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Having Retirement Jitters
Old 01-01-2008, 07:57 AM   #1
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Having Retirement Jitters

I'm new to this forum and I'm hoping to retire at the end of June. I'm not exactly an early retiree at age 62 (62.5 in June), but I've got so many questions my head is spinning.

I could go on working indefinitely in my secure but nerve-wracking civil service job, but I'd much prefer to get out ASAP as I'm concerned about the effects of chronic anxiety on my health.

I'm puzzled about the 4% Rule and the results I get in FireCalc. Assuming I live until age 92, it says that I have a %96+ chance of not outliving my assets. Is that good enough? Comments or suggestions?

I'm also wondering what effect Medicare would have on these calculations in a few years. I would have to get insurance through COBRA and I'm geusstimating a $550 a month premium. I couldn't get an exact figure because I've been off from work for the holidays.

Anyway, I'm glad to be here. I expect to learn a lot.
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Old 01-01-2008, 08:32 AM   #2
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Welcome KaChing. Sounds to me like you are in great shape if you're getting something north of 95% from FIRECalc. Less mathematically challenged minds than mine say anything greater than 80% or so is probably good, so anything more than your 96% number is likely just piling on.

You also say you are puzzled about the 4% rule and having retirement jitters. Have you read these?

http://www.early-retirement.org/foru...ate-19234.html
http://www.early-retirement.org/foru...ugh-30818.html
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Old 01-01-2008, 10:11 AM   #3
Confused about dryer sheets
 
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Thanks for the welcome and your reassurance. I thought perhaps that hitting 100% in FIRECalc was the goal. Thanks for the links, too. It's so tough to strike a balance between retiring too soon or too late!
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Old 01-01-2008, 01:48 PM   #4
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Only about 1 in 4 people in the US live past age 90, so a 96% probability of not outliving your money to age 92 is pretty darn good.

What about your expenses? How confident are you of your projections? Health care costs always seem to be the wildcard so I would nail that down before hanging it up.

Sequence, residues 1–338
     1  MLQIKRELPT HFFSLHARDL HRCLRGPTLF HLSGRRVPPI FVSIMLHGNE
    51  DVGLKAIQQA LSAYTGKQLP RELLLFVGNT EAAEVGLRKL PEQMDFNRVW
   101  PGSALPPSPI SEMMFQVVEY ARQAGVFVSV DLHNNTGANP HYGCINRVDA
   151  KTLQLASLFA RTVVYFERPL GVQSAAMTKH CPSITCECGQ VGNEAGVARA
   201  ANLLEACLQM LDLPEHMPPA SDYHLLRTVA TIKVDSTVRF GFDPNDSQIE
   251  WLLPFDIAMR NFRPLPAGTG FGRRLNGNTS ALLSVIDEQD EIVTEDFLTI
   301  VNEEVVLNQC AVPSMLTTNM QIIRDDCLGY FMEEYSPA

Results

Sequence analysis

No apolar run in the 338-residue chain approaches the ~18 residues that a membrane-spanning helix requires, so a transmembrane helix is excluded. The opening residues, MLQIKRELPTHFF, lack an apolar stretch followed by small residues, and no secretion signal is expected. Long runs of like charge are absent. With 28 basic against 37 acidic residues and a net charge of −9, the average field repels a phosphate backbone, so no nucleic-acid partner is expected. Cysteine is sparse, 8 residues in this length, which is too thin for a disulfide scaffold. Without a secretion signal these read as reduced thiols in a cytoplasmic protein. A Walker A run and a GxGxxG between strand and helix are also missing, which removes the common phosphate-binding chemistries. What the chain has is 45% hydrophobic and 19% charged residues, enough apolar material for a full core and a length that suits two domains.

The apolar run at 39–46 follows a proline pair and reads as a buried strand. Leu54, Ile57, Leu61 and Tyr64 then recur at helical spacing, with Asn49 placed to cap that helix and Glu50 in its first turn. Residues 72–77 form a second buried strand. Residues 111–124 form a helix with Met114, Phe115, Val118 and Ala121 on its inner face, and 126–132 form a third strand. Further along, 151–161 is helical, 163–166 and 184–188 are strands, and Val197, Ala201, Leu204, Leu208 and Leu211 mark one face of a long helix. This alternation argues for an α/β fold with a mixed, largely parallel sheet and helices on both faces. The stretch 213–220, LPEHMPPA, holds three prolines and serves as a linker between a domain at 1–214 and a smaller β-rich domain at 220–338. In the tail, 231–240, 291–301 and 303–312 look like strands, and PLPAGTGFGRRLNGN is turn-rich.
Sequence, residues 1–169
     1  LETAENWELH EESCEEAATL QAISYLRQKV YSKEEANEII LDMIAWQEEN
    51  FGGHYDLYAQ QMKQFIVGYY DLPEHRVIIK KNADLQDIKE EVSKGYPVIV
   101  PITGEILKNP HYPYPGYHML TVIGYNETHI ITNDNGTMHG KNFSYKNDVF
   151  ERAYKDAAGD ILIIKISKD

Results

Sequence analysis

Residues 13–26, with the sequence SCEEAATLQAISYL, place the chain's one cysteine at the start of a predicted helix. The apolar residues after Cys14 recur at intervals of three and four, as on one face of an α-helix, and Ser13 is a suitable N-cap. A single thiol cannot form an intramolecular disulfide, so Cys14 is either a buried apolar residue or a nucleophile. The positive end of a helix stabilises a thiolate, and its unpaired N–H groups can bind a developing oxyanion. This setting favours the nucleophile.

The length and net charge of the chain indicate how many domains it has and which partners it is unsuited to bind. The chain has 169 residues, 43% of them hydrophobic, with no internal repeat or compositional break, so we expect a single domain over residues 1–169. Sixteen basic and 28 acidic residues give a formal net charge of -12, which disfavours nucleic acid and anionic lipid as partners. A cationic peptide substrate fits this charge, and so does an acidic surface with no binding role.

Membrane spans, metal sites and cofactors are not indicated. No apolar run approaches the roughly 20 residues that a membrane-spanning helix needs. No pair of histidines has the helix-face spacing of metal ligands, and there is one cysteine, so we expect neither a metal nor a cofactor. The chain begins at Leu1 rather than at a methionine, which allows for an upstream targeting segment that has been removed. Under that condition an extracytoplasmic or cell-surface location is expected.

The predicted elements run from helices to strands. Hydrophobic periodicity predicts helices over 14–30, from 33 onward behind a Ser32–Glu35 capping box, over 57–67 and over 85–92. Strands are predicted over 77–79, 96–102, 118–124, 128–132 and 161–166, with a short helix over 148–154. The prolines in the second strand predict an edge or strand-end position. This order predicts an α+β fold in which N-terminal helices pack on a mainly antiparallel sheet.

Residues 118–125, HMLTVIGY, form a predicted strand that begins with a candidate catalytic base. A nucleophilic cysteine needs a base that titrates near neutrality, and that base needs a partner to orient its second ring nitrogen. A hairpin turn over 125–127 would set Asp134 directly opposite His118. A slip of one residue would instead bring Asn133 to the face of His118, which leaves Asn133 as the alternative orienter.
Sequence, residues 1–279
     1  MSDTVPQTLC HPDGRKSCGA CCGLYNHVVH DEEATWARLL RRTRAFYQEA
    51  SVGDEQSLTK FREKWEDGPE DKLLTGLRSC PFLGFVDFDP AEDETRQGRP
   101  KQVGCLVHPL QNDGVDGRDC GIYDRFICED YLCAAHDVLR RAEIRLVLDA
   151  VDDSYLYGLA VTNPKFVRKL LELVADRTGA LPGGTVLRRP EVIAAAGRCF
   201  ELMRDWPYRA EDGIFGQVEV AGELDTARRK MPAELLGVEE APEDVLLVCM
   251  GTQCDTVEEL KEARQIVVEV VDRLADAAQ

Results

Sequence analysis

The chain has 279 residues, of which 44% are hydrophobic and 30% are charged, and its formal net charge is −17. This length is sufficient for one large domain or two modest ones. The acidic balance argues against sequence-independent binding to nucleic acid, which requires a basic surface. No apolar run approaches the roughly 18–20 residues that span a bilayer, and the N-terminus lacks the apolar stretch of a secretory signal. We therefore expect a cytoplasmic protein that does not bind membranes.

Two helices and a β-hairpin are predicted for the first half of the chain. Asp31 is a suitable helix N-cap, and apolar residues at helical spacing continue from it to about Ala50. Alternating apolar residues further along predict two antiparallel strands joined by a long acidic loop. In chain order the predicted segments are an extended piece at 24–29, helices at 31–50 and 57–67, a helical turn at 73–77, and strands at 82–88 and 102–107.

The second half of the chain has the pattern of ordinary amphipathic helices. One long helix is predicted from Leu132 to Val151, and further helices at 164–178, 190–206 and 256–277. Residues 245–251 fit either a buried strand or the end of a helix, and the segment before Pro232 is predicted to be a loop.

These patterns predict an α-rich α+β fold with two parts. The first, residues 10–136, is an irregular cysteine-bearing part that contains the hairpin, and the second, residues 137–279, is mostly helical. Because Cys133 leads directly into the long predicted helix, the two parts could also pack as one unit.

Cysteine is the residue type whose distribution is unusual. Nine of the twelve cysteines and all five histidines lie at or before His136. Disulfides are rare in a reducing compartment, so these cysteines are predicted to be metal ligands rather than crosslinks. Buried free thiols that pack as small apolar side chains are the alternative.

One of the lessons I've learned from this board is how many people happily live on a lot less money than I would have thought possible. For examples, go to:

http://www.early-retirement.org/foru...ugh-30818.html

Although I'm not interested in cutting back to a $30-40K per year of spending in retirement, I'm comforted by the fact that it's being done by so many.
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Old 01-02-2008, 09:30 AM   #5
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Health insurance is definitely the wild card. I'm waiting for a return email from HR regarding COBRA premiums and then I'll have to check in with Blue Cross to be sure that my policy will be extended beyond 18 months.

Otherwise, my expenses are fairly predictable. I own my home, a low maintenance manufactured house which sits on a rented lot. The lot rent has routinely gone up $20 a month each year for the past several years. Property and sewer taxes have been the same, with a tax break for the former coming when I'm 65. Heating is another wild card (I'm a Peak Oil believer), but I'm guessing natural gas isn't going to go up dramatically over the next few years. The car, a 2000 Honda Civic with 55,000 miles on it, was purchased new for cash and I've maintained it per Honda. (Eventually I'd like to find a smaller house in an area where the cost of living is lower, but I think it might be wise to stay put for a year or two and get my bearings after I retire).

As for entertainment, I'm a cheap date. I love to read, paint, cook, sew, garden, and do volunteer work with the needy and aged. I've worked as an auditor nearly ten years and I've had all the travel I can stand, so there will be few if any expenses for vacations.

I'm one of those people who expects to get along happily on less than 35k a year. Over 21k of that will come from Social Security and a pension, so there's not a huge difference to make up. I'm a divorced woman with no human dependents, two cats, and no debts, so my true needs are minimal.
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Old 01-02-2008, 03:59 PM   #6
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Welcome to the board ! Where are you located ?
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Old 01-02-2008, 06:10 PM   #7
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Quote:
Originally Posted by KaChing View Post
Health insurance is definitely the wild card. I'm waiting for a return email from HR regarding COBRA premiums and then I'll have to check in with Blue Cross to be sure that my policy will be extended beyond 18 months.